Monopolies, Minarets and Videos

By Hammami, Sadok | UNESCO Courier, February 1995 | Go to article overview

Monopolies, Minarets and Videos


Hammami, Sadok, UNESCO Courier


Because of strict state monopolies and inadequate programme output, the Arab public is looking elsewhere for what it cannot find at home.

In the Arab world, where demands based on identity and religion are forcefully pressed and where the present is continually haunted by the past, the question of communication is fraught with drama. All societies are nowadays concerned by the link between cultural identity and the globalization of communication, but it is a distinctive feature of the Arab world that memories of the past intrude into the very heart of modern life. This revival of the past is particularly noticeable in the field of communications.

The place of the media is closely linked to the status of the "sanctuary" in the community. In and around the mosque there grows up a culture of resistance not only to modernization but also to the authorities, thus reviving an old form of territoriality in which the new media are always faced with competition. There is an extraordinary competition nowadays between the sound of the muezzin echoing from minarets and the visual fascination of satellite dishes - symbolizing the contradiction of a world technologically united but culturally fragmented.

But this paradox shows itself mainly in state media monopolies and in the many forms of resistance to which they lead. The communication issue is a focus for all the cultural blockages that have characterized the development of these societies: state hegemony, the breakdown of political bonds, a return to tradition. . . . Originally required to be tools for development, the media (notably television) have helped to intensify the authoritarian nature of the established order. By consistently devoting itself to the glorification of charismatic leaders, television has in general fostered the personality cult in politics.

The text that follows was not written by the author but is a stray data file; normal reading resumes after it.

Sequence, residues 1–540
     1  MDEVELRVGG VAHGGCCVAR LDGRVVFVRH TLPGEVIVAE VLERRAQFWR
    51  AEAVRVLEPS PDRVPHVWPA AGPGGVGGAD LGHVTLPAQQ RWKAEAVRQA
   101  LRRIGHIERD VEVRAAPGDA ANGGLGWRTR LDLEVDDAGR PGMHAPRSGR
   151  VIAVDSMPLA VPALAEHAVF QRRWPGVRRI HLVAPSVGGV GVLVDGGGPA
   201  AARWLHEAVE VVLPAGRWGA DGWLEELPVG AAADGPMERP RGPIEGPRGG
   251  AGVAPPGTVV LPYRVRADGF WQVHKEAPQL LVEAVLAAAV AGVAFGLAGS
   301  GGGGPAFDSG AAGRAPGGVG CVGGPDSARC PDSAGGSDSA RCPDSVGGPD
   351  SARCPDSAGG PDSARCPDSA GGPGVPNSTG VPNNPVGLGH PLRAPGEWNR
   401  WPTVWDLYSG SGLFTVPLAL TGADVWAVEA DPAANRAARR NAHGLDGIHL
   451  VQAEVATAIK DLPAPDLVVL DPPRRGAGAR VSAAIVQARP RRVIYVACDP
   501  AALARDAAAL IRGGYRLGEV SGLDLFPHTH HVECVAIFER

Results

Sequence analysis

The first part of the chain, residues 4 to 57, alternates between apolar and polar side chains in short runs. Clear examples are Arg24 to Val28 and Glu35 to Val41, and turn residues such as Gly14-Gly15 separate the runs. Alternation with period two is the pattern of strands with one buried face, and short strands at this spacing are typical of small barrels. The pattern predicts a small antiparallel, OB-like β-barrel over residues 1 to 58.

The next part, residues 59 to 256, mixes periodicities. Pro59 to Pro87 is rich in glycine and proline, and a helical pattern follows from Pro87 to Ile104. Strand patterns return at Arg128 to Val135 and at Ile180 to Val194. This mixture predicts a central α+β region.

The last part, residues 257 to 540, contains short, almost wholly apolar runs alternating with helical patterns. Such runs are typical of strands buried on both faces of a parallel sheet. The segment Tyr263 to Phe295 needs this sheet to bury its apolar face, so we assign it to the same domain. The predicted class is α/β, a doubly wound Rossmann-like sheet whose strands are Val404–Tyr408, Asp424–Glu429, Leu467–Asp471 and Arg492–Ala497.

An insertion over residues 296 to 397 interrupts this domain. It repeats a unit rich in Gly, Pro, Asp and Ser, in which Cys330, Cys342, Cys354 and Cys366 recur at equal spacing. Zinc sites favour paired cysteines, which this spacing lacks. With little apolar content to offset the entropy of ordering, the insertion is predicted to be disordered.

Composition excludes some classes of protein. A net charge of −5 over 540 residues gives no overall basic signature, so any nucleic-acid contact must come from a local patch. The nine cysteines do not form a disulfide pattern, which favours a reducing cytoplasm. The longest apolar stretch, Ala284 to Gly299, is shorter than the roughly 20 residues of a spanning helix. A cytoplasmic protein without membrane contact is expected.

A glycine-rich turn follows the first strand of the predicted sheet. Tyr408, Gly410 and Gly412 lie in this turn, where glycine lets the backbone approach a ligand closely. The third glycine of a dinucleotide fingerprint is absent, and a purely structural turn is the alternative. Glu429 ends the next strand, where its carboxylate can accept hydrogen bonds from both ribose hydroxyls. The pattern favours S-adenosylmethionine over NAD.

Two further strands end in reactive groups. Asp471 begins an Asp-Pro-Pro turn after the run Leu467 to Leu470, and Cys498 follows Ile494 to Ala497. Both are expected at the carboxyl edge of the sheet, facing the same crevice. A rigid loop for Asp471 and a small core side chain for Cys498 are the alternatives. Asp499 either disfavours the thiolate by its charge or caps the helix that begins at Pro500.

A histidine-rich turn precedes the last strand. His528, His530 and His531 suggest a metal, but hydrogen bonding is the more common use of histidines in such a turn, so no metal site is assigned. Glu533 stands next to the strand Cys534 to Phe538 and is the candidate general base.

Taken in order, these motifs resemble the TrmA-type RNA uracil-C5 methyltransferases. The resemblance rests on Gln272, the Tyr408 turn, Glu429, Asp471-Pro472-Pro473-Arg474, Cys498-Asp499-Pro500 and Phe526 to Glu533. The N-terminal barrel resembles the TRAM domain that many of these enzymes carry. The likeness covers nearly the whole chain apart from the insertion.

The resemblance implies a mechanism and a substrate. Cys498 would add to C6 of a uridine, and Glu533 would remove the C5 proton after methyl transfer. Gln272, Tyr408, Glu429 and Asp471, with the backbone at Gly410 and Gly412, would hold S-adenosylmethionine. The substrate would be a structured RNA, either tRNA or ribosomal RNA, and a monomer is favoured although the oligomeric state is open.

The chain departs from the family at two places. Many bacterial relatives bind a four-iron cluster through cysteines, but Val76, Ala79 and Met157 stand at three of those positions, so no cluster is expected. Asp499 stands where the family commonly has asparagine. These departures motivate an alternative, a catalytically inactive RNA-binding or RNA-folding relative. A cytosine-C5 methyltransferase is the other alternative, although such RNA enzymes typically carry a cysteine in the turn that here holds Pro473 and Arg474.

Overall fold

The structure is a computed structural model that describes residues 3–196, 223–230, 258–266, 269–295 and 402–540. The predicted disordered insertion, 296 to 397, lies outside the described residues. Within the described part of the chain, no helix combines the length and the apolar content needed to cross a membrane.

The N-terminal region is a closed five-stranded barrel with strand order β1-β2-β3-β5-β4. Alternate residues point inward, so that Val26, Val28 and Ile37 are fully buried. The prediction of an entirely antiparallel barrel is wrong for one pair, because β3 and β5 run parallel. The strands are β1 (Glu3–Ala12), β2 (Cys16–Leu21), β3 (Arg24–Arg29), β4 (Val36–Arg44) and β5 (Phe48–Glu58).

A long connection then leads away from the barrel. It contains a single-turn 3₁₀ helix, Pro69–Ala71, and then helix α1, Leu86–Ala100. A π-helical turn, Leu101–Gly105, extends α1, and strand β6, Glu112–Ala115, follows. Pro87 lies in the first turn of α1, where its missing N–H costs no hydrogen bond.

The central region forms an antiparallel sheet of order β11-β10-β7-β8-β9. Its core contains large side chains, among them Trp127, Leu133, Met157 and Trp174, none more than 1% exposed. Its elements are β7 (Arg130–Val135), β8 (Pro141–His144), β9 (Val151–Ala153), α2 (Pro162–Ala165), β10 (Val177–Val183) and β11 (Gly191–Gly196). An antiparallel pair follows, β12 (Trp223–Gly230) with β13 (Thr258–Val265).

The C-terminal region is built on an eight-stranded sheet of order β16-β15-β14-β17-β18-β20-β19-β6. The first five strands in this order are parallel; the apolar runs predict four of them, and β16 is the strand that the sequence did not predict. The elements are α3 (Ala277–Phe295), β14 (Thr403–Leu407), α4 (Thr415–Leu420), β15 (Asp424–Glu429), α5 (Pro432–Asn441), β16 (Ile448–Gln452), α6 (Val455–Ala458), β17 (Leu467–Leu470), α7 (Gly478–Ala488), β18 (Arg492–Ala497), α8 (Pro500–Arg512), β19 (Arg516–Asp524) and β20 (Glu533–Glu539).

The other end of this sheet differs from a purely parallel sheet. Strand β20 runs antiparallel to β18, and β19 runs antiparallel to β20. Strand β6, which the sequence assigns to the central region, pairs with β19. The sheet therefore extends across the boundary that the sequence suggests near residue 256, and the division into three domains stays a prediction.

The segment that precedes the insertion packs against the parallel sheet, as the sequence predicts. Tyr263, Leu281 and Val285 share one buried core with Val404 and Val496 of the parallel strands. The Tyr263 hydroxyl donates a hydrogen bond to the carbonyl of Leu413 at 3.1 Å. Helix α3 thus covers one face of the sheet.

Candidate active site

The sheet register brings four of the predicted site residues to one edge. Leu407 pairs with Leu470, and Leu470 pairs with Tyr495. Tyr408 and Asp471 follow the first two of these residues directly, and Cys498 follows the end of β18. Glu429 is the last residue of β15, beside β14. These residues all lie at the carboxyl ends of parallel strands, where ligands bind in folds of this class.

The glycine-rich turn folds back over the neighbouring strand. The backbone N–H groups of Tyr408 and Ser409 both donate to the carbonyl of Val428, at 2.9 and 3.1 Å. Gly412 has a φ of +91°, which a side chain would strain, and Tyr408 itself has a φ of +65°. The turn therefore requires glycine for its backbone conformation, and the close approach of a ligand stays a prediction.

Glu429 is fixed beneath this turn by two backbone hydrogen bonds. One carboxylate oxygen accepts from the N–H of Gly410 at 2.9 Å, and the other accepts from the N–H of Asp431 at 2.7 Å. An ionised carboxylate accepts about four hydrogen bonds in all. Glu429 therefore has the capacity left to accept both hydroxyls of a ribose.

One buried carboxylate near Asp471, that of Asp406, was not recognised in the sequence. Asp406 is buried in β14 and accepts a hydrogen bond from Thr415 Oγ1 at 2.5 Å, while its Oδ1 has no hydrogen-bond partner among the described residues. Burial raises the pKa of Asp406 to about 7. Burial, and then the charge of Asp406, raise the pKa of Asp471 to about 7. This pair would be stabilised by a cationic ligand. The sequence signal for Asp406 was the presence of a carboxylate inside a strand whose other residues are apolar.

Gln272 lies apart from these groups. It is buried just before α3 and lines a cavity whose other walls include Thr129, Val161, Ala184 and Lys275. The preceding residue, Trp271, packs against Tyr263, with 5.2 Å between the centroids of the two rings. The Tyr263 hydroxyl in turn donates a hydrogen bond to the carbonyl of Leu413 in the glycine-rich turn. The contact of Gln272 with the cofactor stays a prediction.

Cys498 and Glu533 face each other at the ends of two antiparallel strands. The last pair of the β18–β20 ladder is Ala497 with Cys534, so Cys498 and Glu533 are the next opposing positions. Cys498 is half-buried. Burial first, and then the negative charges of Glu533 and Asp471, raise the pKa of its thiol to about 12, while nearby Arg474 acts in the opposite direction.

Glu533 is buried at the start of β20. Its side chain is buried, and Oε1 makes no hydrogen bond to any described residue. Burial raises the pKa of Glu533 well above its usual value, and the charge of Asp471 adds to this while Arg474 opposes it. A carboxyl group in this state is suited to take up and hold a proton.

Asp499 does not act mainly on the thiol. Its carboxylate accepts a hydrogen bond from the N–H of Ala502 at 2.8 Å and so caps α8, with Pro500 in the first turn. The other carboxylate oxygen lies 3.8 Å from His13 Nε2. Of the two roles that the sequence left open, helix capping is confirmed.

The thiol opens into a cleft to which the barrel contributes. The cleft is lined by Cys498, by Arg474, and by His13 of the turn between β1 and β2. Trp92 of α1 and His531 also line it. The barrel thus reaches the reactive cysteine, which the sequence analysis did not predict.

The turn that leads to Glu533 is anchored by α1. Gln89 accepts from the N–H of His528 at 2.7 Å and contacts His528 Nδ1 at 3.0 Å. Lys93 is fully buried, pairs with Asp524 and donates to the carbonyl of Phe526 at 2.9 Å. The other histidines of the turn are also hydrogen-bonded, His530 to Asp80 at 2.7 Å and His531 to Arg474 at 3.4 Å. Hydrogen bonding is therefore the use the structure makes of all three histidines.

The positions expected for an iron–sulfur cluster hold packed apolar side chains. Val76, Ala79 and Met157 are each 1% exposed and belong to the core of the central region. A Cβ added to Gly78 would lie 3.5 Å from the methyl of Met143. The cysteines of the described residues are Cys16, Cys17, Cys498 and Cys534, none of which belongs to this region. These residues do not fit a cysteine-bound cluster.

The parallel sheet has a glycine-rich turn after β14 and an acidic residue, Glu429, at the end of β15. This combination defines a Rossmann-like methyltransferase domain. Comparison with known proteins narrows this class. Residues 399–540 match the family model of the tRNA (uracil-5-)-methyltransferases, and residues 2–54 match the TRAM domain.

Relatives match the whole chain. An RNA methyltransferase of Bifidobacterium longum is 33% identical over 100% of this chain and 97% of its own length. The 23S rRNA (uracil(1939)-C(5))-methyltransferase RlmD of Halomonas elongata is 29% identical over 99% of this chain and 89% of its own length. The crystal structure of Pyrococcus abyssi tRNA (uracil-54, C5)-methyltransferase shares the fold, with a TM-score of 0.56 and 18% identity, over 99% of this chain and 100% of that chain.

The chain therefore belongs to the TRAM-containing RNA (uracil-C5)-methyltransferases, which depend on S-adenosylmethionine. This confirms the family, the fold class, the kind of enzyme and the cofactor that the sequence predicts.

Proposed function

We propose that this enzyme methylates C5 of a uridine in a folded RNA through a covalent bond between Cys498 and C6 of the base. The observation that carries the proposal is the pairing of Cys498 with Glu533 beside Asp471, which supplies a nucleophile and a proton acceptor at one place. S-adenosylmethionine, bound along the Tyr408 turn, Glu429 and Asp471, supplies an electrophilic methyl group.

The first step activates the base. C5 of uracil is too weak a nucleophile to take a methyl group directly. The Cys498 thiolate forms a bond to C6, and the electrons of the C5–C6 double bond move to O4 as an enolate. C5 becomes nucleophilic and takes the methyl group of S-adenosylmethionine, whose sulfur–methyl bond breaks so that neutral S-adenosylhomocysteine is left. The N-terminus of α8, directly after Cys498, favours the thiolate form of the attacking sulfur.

In the Arab world radio and television, with a few exceptions, are limbs of the state monopoly. Access to them is strictly controlled. Economic factors such as rising production costs, political factors such as the restraining effect of censorship, and social factors such as increased demand resulting from the growth of the middle class, all help to aggravate a creative crisis. Egypt, the only Arab country with its own programme industry, is the only exception. This situation drives people to seek elsewhere what they cannot find at home, and makes for increased cultural dependence on the outside world.

The saucepan strategy

Three different strategies tend to be adopted. One is to plug surreptitiously into other networks - a common practice in North Africa, because of the proximity of Europe. …

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